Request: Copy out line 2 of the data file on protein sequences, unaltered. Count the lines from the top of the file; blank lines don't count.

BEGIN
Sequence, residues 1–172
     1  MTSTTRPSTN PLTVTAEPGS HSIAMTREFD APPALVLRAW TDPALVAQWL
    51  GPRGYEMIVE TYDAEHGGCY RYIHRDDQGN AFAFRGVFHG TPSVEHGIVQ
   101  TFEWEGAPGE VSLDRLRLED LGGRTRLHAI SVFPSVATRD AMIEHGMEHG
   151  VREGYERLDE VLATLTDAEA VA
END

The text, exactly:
     1  MTSTTRPSTN PLTVTAEPGS HSIAMTREFD APPALVLRAW TDPALVAQWL